Tampa Bypass Canal Diverts Billions of Gallons of Water

Canal Prevents Flooding

Tampa Bypass Canal Structure The gates are partially closed at Structure 155, allowing only minimal flow downstream. Behind the structure, the river is going over a spillway into the Tampa Bypass Canal.

"Bad things happen in threes.”

Not many people in west-central Florida would argue with that old saying. After suffering through Hurricanes Charley and Frances, the region bore the fury of Hurricane Jeanne, the storm ripping across the central peninsula.

Jeanne’s effects lasted long after her destructive passage. As the runoff from Jeanne’s rain made its way across massive watersheds, one by one the rivers flooded — Alafia, Peace, Withlacoochee.

All except the lower Hillsborough River, where homes and businesses were spared because of the flood protection afforded by the Tampa Bypass Canal (TBC) and the Lower Hillsborough River Flood Detention Area.

“Without the Tampa Bypass Canal and the Flood Detention Area, we would have seen the same kinds of flooding along the Hillsborough that we saw on the Alafia, Peace and Withlacoochee rivers,” said Executive Director David L. Moore. “The difference is that there’s more development along the Hillsborough, so the impacts would have been even worse with more homes, businesses and roads impacted.”

The TBC diverted more than 200 billion gallons of water from the river, routing it around Temple Terrace and Tampa to McKay Bay. The average diversion was 3.5 billion gallons of water per day, the equivalent of more than 30 Weeki Wachee springs and more than the total average daily discharge of all springs in the 16-county District.

The TBC and Flood Detention Area were created as part of a federal project known as the Four River Basins, Florida Multi-Purpose Project to address massive flooding caused by Hurricane Donna in 1960. The Southwest Florida Water Management District was created in 1961 to be the local sponsor to operate and maintain Four River Basins projects.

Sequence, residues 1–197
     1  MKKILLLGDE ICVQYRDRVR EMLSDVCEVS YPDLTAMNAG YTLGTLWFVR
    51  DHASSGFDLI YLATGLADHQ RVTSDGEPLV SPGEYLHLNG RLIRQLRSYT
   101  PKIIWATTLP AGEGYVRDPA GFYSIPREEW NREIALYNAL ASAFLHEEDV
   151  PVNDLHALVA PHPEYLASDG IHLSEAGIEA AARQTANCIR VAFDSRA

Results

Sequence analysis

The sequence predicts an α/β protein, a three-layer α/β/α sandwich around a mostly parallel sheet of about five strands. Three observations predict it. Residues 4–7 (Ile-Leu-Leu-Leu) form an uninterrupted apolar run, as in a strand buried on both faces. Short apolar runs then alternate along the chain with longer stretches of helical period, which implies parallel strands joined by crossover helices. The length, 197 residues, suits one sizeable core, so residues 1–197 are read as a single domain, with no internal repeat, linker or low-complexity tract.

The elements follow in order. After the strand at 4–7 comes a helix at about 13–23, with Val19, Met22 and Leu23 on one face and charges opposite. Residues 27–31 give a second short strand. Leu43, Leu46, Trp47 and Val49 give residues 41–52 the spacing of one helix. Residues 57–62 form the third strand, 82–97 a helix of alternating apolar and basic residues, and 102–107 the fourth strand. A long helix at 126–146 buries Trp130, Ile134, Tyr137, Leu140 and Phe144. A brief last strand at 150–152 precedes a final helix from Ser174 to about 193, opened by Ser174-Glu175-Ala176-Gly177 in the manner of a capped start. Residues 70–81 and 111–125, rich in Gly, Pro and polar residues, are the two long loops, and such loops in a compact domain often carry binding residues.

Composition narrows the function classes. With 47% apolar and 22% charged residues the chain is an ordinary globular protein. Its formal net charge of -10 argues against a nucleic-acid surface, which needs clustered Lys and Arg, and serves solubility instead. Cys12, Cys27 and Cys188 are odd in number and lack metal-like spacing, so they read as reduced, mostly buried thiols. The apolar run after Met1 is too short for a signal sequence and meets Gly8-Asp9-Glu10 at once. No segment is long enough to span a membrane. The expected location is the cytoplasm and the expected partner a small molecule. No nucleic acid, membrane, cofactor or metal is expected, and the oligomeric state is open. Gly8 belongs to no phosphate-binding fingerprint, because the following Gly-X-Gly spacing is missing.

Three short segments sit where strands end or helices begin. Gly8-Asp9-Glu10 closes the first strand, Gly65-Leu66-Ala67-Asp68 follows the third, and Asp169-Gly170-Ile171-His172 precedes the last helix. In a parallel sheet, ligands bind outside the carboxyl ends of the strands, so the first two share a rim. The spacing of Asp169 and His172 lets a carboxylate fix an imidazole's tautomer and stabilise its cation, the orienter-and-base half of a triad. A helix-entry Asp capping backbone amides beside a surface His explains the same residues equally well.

Nearly 700 square miles drain into the 55-mile-long Hillsborough River that runs from the Green Swamp north of Lakeland to Hillsborough Bay. The drainage basin includes ponds, lakes, sinkholes, swamps and five major tributary creeks. The Hillsborough River Dam is constructed approximately 10 miles upstream of the bay, creating a drinking water reservoir for the city of Tampa and the region.

The federal Hillsborough River project constructed the more than 12-mile-long Tampa Bypass Canal and six dams, or flood-control structures. The northernmost structure, S-155, sits near where the river intersects Interstate 75 just north of Fletcher Avenue. Operation of the two 24-ton gates can redirect all or part of the river flow to the canal, accounting for drainage from approximately 452 square miles.

Redirected flow that backs up while attempting to get through the canal fills in the Lower Hillsborough Flood Detention Area, nearly 16,000 acres of property purchased to provide storage space for floodwaters. When not needed for flood-control purposes, more than 7,000 acres of the detention area are used by Hillsborough County as a regional park, providing numerous recreational opportunities to residents and visitors.

Downstream on the river, the Harney Canal and Structure 161 were constructed to allow diversion of runoff from the 192-square-mile drainage area situated between the Flood Detention Area and the Hillsborough River Reservoir Dam.

District staff works in coordination with the city of Tampa to determine how much water to divert from the river, striking the balance between flood protection and ensuring appropriate water levels in the city’s water supply reservoir.

The District normally operates the Tampa Bypass Canal once a year. This year, the canal was operated three times for a total of 58 days in operation.

In addition to providing flood control, the canal has also become a water supply source helping to meet the needs of a thirsty and growing Tampa Bay region.